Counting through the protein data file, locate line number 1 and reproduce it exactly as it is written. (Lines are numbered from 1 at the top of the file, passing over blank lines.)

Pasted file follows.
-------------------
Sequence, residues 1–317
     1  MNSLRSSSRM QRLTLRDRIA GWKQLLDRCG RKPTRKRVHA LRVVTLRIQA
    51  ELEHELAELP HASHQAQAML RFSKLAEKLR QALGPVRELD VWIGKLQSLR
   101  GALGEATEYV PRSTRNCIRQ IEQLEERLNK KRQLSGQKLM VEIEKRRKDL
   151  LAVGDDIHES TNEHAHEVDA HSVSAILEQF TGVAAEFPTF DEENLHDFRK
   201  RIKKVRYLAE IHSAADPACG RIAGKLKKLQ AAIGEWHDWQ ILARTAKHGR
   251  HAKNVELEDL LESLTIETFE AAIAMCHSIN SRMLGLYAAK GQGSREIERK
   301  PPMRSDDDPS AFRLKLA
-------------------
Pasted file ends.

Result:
Sequence, residues 1–317